This is an update to my post on excess deaths to October 2022. The methodology of the analysis is the same but the latest ONS dataset (to week 5 2023) has been used, available here.
Data relate to England and Wales.
I concentrate on “non-Covid deaths”, so that any fatal effects of Covid (the disease) is removed from consideration (as opposed to the possible effects of a host of other issues related to Covid).
ONS datasets give weekly data for “deaths involving Covid” and also “deaths due to Covid”. Only the latter relate to Covid having been identified as the cause of death. (The former is likely to mean a death whose principal cause was not Covid, but the individual happened to be Covid-positive). Consequently, I define here “non-Covid deaths” as all deaths minus deaths due to Covid.
I define “excess deaths” as an excess with respect to the average of the five pre-Covid years 2015 to 2019, evaluated on a weekly basis.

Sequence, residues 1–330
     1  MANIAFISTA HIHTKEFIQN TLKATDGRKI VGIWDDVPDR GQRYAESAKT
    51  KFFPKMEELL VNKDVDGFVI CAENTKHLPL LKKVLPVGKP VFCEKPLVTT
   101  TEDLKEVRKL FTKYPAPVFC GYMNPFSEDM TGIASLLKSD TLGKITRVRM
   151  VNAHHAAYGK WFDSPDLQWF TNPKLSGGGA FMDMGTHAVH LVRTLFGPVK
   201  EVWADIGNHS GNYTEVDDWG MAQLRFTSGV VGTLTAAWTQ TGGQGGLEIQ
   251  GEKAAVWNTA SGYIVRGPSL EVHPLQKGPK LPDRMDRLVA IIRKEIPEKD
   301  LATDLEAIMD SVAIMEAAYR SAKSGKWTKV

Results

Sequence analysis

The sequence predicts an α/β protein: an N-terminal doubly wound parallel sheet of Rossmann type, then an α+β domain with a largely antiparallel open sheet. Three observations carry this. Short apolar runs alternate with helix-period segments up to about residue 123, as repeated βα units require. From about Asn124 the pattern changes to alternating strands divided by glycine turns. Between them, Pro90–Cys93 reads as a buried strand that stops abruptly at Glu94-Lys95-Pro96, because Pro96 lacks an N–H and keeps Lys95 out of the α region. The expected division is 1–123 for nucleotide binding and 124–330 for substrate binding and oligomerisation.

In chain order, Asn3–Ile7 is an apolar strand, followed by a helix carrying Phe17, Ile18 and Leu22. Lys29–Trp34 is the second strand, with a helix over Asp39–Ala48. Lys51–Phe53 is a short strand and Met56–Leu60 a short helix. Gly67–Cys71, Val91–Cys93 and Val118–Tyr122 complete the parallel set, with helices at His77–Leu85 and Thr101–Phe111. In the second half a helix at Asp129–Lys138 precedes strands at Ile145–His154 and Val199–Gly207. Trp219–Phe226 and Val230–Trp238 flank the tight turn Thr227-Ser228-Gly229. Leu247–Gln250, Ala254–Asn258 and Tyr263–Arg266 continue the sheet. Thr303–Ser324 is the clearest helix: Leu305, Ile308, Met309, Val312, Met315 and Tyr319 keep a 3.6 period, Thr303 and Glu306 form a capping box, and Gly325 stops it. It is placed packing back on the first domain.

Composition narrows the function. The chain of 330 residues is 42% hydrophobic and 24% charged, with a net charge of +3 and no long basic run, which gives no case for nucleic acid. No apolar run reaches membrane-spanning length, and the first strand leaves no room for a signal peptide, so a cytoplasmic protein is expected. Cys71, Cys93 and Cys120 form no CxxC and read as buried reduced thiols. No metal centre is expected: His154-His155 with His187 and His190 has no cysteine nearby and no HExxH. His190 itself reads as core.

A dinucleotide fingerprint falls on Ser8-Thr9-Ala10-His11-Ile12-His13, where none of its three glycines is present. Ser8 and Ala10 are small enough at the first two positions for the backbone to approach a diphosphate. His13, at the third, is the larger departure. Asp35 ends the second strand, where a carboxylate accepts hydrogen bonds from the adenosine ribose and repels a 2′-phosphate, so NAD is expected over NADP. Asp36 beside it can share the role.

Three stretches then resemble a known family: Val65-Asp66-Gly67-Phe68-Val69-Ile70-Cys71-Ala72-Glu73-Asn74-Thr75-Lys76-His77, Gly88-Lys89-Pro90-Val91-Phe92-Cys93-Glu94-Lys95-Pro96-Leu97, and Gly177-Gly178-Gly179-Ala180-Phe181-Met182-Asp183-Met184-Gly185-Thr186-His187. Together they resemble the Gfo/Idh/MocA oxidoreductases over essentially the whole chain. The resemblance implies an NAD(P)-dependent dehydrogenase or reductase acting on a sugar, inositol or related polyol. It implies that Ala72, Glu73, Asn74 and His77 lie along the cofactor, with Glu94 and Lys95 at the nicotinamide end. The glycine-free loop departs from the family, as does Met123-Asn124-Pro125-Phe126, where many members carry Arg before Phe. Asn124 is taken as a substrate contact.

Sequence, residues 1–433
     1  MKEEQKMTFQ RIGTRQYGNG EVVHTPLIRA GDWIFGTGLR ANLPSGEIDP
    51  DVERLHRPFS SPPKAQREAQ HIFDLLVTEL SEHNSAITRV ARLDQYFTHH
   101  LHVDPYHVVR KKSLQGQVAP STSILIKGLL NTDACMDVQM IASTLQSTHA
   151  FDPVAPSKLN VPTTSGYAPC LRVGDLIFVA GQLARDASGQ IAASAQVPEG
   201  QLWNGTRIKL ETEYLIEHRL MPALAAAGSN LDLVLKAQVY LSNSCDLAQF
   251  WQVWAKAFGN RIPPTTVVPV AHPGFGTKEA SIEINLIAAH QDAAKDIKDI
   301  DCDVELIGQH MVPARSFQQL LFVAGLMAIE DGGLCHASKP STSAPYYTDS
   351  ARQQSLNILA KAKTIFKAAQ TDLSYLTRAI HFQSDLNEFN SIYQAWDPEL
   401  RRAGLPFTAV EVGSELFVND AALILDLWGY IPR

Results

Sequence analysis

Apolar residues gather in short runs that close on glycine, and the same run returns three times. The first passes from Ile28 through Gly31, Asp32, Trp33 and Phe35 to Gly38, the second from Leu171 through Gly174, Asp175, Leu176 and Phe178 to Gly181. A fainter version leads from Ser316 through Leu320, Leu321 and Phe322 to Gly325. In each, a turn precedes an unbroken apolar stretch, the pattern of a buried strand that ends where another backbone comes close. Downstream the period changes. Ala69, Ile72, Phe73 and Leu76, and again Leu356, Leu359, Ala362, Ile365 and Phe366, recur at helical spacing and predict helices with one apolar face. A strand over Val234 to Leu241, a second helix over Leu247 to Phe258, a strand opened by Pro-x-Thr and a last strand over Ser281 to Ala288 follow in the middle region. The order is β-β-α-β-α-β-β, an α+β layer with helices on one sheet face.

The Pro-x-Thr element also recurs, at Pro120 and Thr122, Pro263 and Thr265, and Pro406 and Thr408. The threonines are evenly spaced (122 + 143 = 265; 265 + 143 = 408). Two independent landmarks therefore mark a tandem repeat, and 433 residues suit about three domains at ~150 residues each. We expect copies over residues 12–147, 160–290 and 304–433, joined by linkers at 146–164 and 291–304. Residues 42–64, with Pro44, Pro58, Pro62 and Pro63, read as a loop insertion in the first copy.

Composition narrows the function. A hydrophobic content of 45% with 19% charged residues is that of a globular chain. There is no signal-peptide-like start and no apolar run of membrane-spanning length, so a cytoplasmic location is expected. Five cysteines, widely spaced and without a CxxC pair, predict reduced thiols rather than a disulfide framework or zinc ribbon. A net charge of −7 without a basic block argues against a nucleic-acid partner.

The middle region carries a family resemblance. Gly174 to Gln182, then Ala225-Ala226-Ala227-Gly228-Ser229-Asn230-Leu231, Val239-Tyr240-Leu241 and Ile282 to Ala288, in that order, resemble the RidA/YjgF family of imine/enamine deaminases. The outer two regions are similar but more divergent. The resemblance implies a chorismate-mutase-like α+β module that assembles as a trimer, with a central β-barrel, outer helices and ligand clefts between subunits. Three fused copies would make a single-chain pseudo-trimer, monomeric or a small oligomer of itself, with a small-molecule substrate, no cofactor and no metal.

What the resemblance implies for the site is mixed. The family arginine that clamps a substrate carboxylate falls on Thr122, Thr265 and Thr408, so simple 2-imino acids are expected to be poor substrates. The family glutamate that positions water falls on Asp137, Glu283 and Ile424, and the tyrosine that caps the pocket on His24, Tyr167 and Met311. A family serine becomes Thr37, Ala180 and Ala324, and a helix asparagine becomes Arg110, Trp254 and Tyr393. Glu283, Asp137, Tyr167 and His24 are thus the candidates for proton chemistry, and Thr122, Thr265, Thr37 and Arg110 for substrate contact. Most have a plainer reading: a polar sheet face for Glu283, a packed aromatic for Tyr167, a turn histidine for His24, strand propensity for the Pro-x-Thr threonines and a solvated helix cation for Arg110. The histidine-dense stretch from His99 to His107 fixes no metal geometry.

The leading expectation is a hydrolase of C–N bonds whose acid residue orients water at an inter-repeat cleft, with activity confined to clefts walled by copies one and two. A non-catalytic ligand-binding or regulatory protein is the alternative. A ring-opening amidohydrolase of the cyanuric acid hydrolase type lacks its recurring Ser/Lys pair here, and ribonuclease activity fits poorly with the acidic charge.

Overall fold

Please note that ONS have now departed from this definition of their own “excess death” data. For year 2022, excess deaths reported by ONS are with respect to the average of years 2016, 2017, 2018, 2019 and 2021. For year 2023, excess deaths reported by ONS are with respect to the average of years 2017, 2018, 2019, 2021 and 2022. This is a really silly thing to do – unless it is a deliberate attempt at obfuscation. To change the baseline confuses what the “excess deaths” are supposed to mean. And the inclusion of years 2021 and 2022 in the baseline when Covid was still actively causing deaths is, frankly, bonkers – unless, as I say, if you are trying to cook the books. I hope not. But it is the wrong thing to do, anyway. I use a constant comparison standard throughout – the average of years 2015 to 2019.
Figure 1 which heads this post shows that the inclusion of 15 further weeks data has not changed the trend compared to my October 2022 post. Based on the trend over the period from 1 January 2021, the number of excess deaths as a percentage of that expected based on pre-Covid years is in creasing at the rate of 11% per year.